Idea Helps – Small Business Relief

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Last updated on 4/3/2020 with:

As our nation comes to terms with the consequences of COVID-19, we at Idea Financial hold true to our values and to our belief that there is a symbiosis that connects us all. Therefore, we will not only work together with our clients, partners and employees, but also try to provide relevant information to help everyone navigate through these trying times. Below you will find information about business and employee relief efforts, which we hope alleviates the adverse effects of COVID-19 and its implications for all.

Over the coming days we will be updating the information below, as well as featuring, in our social media channels and blog, how fellow business owners are adapting to this situation.

For customer assistance contact us at (855) 900-7838 or email help@ideafinancial.com.

National Relief for Businesses

In order to slow the spread of coronavirus, many states opted to cancel school, gatherings and events of all sizes. Small businesses and individuals have followed suit, creating an absenteeism that increases financial strains.  President Trump has instructed the Small Business Administration to extend relief loans to help small businesses overcome temporary economic disruptions. A national emergency was declared in order to infuse another $50 billion into the economy and help affected businesses.  More relief efforts are on the table and/or pending legislative and executive approval. Some of these efforts include the following, check back for more updates daily:

SBA

SBA economic loans for businesses statewide will provide working capital loans of up to $2 million under the Economic Injury Disaster Loans (EIDL) program. If your business is suffering a drop in sales, lack enough funds to cover business expenses like payroll, fixed debts or accounts payable, this an option that can help your business keep afloat.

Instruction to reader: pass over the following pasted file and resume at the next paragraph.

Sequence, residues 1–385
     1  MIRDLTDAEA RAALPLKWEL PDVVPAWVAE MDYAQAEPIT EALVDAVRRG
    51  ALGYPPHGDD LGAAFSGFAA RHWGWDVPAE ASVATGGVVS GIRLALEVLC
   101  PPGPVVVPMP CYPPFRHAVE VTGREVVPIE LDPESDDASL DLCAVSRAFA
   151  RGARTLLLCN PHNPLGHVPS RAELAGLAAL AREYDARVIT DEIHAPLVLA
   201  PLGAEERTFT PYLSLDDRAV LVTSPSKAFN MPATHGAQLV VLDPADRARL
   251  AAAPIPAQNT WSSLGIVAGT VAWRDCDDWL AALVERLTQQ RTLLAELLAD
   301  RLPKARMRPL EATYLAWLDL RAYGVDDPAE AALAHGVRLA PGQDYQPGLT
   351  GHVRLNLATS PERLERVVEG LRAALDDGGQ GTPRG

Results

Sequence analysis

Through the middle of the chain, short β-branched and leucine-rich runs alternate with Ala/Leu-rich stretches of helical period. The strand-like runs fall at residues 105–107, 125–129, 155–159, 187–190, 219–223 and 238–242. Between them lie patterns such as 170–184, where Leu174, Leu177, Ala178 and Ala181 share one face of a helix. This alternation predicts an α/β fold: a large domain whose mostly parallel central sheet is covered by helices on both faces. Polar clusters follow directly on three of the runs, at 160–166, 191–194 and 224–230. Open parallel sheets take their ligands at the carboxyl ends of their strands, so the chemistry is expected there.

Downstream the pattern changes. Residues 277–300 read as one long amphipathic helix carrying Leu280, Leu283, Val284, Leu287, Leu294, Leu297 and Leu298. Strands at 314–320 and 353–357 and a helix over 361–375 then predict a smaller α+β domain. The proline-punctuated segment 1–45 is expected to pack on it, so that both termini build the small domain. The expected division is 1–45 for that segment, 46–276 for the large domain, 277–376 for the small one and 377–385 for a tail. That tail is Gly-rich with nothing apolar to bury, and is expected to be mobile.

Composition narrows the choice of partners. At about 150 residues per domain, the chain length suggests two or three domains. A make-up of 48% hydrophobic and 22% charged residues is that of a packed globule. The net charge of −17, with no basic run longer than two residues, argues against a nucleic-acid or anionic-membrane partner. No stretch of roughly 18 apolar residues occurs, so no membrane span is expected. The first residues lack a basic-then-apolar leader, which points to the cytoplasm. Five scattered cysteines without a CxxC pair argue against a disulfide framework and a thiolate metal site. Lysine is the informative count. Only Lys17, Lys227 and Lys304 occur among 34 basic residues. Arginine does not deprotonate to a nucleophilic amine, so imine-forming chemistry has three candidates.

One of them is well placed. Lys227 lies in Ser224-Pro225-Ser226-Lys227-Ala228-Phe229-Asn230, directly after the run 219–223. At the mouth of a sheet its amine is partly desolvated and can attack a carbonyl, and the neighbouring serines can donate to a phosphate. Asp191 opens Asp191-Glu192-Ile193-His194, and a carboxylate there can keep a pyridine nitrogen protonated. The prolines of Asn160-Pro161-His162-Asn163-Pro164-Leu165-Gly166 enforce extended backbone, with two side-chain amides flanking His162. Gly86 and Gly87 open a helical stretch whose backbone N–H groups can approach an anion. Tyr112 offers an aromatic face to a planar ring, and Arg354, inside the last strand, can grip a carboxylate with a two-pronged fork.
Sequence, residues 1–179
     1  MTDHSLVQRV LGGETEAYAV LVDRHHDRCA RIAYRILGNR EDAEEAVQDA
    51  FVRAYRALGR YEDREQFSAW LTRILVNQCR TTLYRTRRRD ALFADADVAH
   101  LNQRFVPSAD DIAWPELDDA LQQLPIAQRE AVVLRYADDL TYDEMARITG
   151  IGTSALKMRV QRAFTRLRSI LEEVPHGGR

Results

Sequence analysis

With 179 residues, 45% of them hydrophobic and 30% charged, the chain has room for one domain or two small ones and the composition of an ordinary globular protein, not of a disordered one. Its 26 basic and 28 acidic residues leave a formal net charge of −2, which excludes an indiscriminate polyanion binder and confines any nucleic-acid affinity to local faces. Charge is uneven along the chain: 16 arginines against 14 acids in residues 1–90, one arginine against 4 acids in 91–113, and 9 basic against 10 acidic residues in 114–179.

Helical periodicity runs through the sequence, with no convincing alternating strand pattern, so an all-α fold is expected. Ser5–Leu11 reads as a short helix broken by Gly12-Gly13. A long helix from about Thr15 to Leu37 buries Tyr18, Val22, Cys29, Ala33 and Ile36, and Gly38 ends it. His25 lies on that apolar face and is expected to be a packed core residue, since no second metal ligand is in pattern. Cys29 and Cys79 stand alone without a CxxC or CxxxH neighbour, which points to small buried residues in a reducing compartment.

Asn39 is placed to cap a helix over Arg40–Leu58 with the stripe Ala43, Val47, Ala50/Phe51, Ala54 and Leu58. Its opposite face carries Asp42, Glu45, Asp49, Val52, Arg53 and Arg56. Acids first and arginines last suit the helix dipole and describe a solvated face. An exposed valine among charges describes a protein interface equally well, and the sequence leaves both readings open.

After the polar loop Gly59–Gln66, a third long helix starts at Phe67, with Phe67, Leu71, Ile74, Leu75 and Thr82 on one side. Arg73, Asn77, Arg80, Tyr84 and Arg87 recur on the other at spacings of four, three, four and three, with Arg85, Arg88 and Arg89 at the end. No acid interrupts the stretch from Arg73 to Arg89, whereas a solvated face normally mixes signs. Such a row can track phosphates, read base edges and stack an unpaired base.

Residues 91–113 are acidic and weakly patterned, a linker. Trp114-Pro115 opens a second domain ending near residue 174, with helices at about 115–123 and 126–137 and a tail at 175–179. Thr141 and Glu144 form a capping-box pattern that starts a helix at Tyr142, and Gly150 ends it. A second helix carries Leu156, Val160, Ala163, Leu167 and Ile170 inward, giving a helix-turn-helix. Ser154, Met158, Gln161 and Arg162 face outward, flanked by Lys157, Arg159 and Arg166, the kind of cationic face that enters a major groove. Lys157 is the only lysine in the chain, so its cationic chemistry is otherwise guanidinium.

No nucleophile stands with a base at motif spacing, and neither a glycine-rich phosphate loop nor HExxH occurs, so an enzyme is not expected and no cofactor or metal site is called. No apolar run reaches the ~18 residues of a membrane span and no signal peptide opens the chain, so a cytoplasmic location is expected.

CARES Act

The Senate passed a $2 trillion aid package to address the COVID-19 situation. Notable provisions include a $1,200 check for most Americans, higher unemployment insurance payouts, and the “Paycheck Protection Program”, which allocates up to $10 million per small business to cover payroll, rent and utilities.

Tax payment deferrals

Income tax payment deferment is another financial relief benefit for both businesses and individuals. Sole proprietors, single-member LLCs and Corporations have their business tax return deadline on April 15. The Treasury Department and IRS extended such deadline for businesses negatively impacted by the Coronavirus, penalty free, for 90 days. For more info, visit the IRS Coronavirus Tax Relief page.

Payroll tax credits

Payroll tax credits are on the legislative table. As a bill proposing federally mandated paid sick leave and benefits passed in the House and is now in the Senate; it would require employers to provide paid sick leave to eligible employees for 14 days. To counter this financial strain on small businesses, the House approved a business tax credit for the same amount incurred during this time.

Employees

As Coronavirus affects more businesses, it affects the employees who make up those businesses. The federal government has also prepared legislation to relieve employees during this difficult time. Find information in the following links:

Center for Disease Control

As we all learn what are our options to cope during these difficult times, it is important to have in mind that our individual actions affect everything around us too. We would like to promote information from the professionals at the forefront of this pandemic and share the following link to the Center for Disease Control and Prevention: CDC

Ask not for a lighter burden, but for broader shoulders.

FAQ’s